When my staff told me that I lacked integrity in 2009, what they were saying was they couldn't trust me. Comments on the performance appraisal prove that.
Don't just say you are supportive, but actually, be supportive!
My team lost trust in me
While they had been able to trust me in the past, the arrival of a large new contract changed that. Previously, I'd managed everything on my plate and did it with a level of confidence. But increased responsibility, travel, staffing, scope and budget all left me scrambling to hold things together.
Because of that:
I'd moved into survival mode
The one-word response I had on my performance appraisal in 2009 indicated I'd moved into survival mode!
What do you feel were your accomplishments over the past year? Survival!
It was time for me to rebuild trust!I was frustrated, hurt and discouraged by the feedback. Previous performance appraisals indicated I had strong trust with the team. How could things have plummeted so fast?
Here's the thing about trust. It's not static. It ebbs and flows based on relationships. When it drops, leaders need to double down on building it back.
Trust is all about relationships
Trust is something felt between people. And when you have a strong relationship with someone likely the trust is stronger. Likewise, when your relationship heads to rocky ground, your level of trust is likely to drop. When it's time to rebuild trust, it starts with rebuilding relationships.
Without trust, my team was falling apart!
When my team lost trust in me and felt I was out of integrity, they didn't feel they had a strong leader. Therefore, as trust in our team eroded, I lost followers.
The fact that I was losing followers was one reason I needed to focus on trust. There were others as well. If you are curious about other pitfalls of dwindling trust, tune into this week's podcast, where I share three reasons why you need to keep trust on your radar.
Listen to the episode here.
I had to put trust-building back on my radar!
Through coaching, I learned to build time to build relationships.
I spent time reflecting on the effectiveness of my trust-building activitiesI kept an eye on how I was doing at regaining trust through regular self-reflection. I journaled. I brought issues up in coaching. I planned my time with staff more intentionally.
If you want to build trust in your team, I encourage you to do the same!
If you want to keep trust strong in your team, do this:Put self-reflection time on your to-do list each week. When you take 15 minutes to consider what you've done to build trust, consider your answers to these three questions:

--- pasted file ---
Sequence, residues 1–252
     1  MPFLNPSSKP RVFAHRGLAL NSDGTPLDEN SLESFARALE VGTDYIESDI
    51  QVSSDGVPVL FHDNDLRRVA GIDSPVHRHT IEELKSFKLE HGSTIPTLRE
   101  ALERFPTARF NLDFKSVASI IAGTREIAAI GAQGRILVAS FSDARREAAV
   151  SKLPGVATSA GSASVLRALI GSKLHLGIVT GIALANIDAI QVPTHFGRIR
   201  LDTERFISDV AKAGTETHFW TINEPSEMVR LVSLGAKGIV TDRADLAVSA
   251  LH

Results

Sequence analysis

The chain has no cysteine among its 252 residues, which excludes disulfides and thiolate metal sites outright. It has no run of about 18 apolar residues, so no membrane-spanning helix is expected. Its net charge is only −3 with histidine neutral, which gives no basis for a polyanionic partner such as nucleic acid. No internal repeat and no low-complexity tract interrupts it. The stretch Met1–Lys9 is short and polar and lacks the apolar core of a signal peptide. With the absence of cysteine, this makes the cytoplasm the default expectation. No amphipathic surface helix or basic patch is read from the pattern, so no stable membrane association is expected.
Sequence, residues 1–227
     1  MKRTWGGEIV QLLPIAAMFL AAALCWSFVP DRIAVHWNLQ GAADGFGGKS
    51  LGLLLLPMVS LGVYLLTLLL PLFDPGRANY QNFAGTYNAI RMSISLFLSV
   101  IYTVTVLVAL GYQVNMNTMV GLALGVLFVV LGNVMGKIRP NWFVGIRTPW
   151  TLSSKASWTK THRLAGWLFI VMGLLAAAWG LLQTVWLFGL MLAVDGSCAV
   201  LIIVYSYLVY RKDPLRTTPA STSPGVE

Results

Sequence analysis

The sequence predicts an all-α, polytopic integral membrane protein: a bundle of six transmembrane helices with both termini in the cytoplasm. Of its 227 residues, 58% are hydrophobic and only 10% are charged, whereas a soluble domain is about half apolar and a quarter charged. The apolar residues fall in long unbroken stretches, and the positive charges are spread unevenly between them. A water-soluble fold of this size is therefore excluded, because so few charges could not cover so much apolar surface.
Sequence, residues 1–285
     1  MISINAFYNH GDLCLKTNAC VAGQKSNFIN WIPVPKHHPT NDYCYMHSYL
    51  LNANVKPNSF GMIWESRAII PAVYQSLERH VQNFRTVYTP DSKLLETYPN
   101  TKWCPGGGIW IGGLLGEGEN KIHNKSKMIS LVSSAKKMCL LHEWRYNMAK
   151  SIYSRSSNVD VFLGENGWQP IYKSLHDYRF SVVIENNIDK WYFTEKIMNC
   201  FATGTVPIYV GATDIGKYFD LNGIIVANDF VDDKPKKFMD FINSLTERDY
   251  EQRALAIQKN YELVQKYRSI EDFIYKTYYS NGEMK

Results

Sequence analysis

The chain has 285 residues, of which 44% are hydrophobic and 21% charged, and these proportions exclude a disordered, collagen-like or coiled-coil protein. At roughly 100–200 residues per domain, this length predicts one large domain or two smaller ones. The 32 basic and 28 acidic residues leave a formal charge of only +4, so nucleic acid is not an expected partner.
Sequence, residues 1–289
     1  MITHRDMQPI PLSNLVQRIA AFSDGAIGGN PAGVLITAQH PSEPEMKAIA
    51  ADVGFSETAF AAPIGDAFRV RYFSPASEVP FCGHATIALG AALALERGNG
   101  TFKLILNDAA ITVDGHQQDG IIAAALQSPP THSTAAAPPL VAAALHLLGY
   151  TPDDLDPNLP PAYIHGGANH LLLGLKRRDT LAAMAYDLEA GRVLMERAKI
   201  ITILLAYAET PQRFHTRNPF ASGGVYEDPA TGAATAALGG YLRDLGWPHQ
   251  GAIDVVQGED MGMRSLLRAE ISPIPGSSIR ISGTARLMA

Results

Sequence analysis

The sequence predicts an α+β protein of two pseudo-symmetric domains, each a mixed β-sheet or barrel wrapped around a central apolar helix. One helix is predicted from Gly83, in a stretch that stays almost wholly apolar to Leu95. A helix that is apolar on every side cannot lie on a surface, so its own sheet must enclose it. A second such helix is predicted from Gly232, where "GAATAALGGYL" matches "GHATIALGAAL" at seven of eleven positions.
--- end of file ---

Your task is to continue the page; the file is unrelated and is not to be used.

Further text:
1) Where do you land on the surviving to thriving continuum?
The closer you are to survival mode, it is often that the level of trust in your team drops. In survival mode, we focus on getting things done and hanging on to appointments, tasks, reports etc., before we drop the ball on something. When we are in survival mode, we tend to spend less time building relationships, which is again key to trust.
Check where you land on the Surviving to Thriving continuum here.
2) How do your relationships with your team feel?
When you sense you are avoiding someone on your team or feel as though they are avoiding you, it's a good time to question your level of trust between the two of you.
3) How aligned do you feel with your values, ethics and morals?
When you lead with integrity, your actions align with your values, ethics and morals. You are leading with integrity when you do what you say you're going to do. The further you feel from your values, ethics, and morals could be a big warning sign that others will begin to lose their trust in you.
When you keep these three things top of mind, you were more likely to create a trusting work culture that thrives.
Tune into this week's podcast to listen for the three reasons why you must keep trust on your radar for you, your team and the clients you serve.
Putting time in to build trust may feel like more work, but TRUST me, in the end, it will help you to feel more on top of all you are responsible for!
P.S. If you want to make sure you are leading with integrity, start with verifying your values, what they mean to you and how you know when you are aligned with them.
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Women leaders often hit a point where they find themselves in over their heads and wondering if they have what it takes to lead.